Goonhilly Village Green was delighted to present a mixed programme of talks about Goonhilly Downs and the surrounding area. The lecture series was presented with the kind support of local renewable energy company Wattstor
, whose solar powered batteries illuminated the dark shell of the Happidrome. Divided into two sessions, the morning was opened by Katherine Ashton
, Director and Curator at Helston Museum
. Her talk introduced us to the collections and their relevance to the social history of the area, revealing how people lived and worked alongside the objects, tools and equipment used in a range of professions, including telecommunications and radio.
Sir Ferrers Vyvyan
of the Trelowarren
Estate followed, presenting a highly personal account of his relationship and understanding of Goonhilly Downs and the wider Lizard Peninsular. Using selected readings from several authors who had aided his understanding of the area, we were able to share his enthusiasm and knowledge of the place and places he went on to discover directly.
Dr Caitlin DeSilvey from Exeter University’s Environment & Sustainability Institute completed the morning sessions, leading the audience to what she calls the ‘secret garden’, a roofless building on the site with a magnificent willow tree at its centre. Using the setting as a backdrop, she shared her thoughts on ideas of ruination and how it could be managed for future generations, suggesting that some things needed to be left to decline and ultimately disappear, rather than constantly being frozen in time and place. Her talk generated a lively response from participants, leaving people with much to think about.
Over lunchtime, we listened to an ‘in conversation between Liminal
(Frances Crow and David Prior) and Tom Ebdon
, Head of Architecture at Falmouth University
. Particularly referencing their GVG commission, Transient Parish: Goonhilly Downs
, an 8m high bell tower temporarily erected on the ‘village green’, they described their interest in the concept of the parish and its relationship to the distance the sound of bells carries in determining its boundaries. Linking this to a 2014 commission, we were then treated to a screening of Of This Parish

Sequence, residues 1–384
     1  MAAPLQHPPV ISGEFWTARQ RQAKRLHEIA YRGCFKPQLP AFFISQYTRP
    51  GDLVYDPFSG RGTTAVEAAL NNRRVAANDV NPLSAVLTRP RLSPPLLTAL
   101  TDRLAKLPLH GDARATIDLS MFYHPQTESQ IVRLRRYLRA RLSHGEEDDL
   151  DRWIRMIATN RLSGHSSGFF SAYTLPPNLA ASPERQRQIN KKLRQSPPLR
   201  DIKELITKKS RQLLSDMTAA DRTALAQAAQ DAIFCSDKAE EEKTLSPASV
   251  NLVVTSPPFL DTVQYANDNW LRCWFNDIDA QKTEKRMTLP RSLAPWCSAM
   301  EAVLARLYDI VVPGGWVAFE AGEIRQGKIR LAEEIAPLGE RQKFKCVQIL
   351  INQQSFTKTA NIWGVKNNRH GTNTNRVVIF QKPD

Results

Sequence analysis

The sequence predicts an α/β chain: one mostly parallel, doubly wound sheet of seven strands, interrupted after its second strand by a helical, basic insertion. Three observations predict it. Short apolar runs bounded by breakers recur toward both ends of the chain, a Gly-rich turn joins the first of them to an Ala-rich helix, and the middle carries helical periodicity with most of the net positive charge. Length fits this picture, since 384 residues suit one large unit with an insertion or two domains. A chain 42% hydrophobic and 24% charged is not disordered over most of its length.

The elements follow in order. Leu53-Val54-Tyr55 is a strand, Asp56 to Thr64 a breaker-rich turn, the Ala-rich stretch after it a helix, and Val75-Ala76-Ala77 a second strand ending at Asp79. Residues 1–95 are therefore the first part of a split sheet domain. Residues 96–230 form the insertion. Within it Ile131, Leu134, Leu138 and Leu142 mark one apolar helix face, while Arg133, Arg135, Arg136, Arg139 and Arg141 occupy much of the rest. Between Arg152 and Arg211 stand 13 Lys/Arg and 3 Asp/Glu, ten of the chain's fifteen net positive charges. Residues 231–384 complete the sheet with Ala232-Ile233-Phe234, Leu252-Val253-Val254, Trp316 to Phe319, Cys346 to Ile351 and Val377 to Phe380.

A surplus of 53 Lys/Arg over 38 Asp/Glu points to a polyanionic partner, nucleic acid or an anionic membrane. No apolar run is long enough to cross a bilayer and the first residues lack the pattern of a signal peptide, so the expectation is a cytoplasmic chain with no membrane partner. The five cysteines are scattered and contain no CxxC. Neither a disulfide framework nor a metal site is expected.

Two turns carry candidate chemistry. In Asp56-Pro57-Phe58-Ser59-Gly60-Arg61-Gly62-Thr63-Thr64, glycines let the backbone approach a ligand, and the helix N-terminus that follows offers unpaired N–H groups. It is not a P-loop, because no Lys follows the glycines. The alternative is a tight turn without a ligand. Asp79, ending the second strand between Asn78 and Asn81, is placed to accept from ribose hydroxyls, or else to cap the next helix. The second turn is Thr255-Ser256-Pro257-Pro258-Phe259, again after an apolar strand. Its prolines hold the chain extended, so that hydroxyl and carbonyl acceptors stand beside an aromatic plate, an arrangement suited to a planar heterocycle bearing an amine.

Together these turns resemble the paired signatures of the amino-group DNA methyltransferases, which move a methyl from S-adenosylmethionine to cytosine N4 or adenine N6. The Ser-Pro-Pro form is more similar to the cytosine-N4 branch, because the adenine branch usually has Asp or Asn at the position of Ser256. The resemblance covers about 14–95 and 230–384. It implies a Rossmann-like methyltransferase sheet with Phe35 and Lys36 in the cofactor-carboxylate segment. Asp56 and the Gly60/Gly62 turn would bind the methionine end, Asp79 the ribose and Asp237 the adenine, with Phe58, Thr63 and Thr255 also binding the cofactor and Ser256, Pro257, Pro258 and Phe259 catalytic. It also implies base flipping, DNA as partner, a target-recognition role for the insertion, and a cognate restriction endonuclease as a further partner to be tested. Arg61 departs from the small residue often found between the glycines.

exploring the concept of the parish bell and its reach with residents of a local village in Portugal.
Image: John Tunnard, ”The Messenger (1969) Oil, tempera, sand & pencil on gesso-prepared board, 119.4 x 182.9 cm © the copyright holder. Photo credit: The Ingram Collection of Modern and Contemporary British Art
The afternoon session began with Henrietta Boex
, Director of Falmouth Art Gallery
introducing the audience to the work and life of John Tunnard, a 20th Century artist who had been active on the Lizard from the 1950s and 1960s. Influenced by the Surrealists, his work explored ideas of landscape and its relationship to technology and development. An artist well regarded in his day he had become one of an overlooked generation which will be remedied during December at Falmouth Art Gallery when he is shown alongside other Lizard artists such as Bryan Ingham.
Dr Jonathan Bennie from the Environment and Sustainability Institute followed, giving a fascinating talk about the impact of nightime illumination on flora and fauna, drawing on experiments currently underway on the Lizard. Prefacing his talk with a short animation, Nuit Blanche made by Kevin Dupont, he described the biochemical and physical changes experienced by living organisms (including us!) of extending daylight through artificial means and what measures might be used to counter it.
The afternoon was rounded off by Eddy Search
from GES Ltd
who took us through the past, present and future of Goonhilly Earth Station, including period Pathe News clips about the construction of the satellite dishes and future aspirations of the new owners including being a part of the NASA and ESA Orion Mission to capture an asteroid and put it into orbit around the moon! Bruce Willis – eat your heart out!
And finally, the programme closed with a screening of Ian Helliwell’s
fascinating documentary about F.C. Judd, an electronic music pioneer and former World War Two radar engineer who championed home field recordings and reel to reel tape editing and experimentation. A film that deserves a much wider broadcast on national TV in our view.
We would like to extend our sincere thanks to everyone who took part and shared their knowledge and understanding of Goonhilly Downs and the surrounding area. They left us with a rich sense of place and time. Special thanks to Wattstor for powering the lecture series on stored photovoltaic energy.